Wednesday, December 15, 2004
Media coverage - as a public good or bad
As the Pew researchers said in their report:
"Ratings for local TV news have remained steady in recent years,
suggesting that the public's increased criticism of the media is directed
more at national news organizations than at local news establishments."
Now, this seems to be counter-intuitive. At least from the view of competitiveness. How is it possible that national news (with several different strong actors) can be ranked lower than local tv news (with fewer media outlets and less competition). Maybe Cochran and Ornstein are mixing banans and apples when they are referring to the Pew study. Is it really fair to compare local level tv news with national politics both in terms of coverage and real impact on personal life - especially when the Pew study includes 90 stations in 44 cities (of different sizes)?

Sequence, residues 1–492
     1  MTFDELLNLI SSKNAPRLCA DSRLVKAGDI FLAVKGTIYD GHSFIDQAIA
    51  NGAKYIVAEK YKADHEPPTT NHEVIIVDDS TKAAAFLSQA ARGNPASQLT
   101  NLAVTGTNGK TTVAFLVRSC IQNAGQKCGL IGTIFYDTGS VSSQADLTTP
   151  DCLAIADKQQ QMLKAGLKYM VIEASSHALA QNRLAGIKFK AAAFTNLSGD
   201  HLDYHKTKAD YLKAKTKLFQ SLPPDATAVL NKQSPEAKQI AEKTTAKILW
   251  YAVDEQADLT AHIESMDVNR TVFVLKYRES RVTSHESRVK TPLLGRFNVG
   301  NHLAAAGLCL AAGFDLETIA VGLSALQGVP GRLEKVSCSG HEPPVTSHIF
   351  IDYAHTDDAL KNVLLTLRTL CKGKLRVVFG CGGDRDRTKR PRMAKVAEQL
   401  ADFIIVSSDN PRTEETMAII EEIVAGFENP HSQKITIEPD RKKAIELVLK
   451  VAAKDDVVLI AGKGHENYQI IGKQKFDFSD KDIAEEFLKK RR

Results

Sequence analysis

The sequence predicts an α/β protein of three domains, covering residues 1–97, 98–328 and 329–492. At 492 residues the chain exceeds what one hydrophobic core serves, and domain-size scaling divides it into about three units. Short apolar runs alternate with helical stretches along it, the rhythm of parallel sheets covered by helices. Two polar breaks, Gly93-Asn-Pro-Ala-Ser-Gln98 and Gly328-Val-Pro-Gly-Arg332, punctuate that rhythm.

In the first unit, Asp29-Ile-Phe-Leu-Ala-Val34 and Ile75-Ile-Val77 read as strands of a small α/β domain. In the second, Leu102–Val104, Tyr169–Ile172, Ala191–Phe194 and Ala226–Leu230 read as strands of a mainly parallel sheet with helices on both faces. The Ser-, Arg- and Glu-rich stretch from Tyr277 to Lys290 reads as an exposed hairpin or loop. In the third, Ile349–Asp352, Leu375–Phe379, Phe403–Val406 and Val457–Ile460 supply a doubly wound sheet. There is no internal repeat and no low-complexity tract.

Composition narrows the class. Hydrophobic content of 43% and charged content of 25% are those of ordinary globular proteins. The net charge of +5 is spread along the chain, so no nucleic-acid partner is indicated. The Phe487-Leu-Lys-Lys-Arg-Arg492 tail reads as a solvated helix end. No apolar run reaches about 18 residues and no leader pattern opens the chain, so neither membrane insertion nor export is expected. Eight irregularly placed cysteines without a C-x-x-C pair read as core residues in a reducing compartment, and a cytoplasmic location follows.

The crowding out effect (as well as the logic of collective action i.e. the farther away from the impact (political cost) of a political decision you are - the less will you be inclined to get involved in the real issue) also makes for interesting verifications of such a study. And maybe this is what Cochran and Ornstein really ought to be debating. Well, it's just a thought.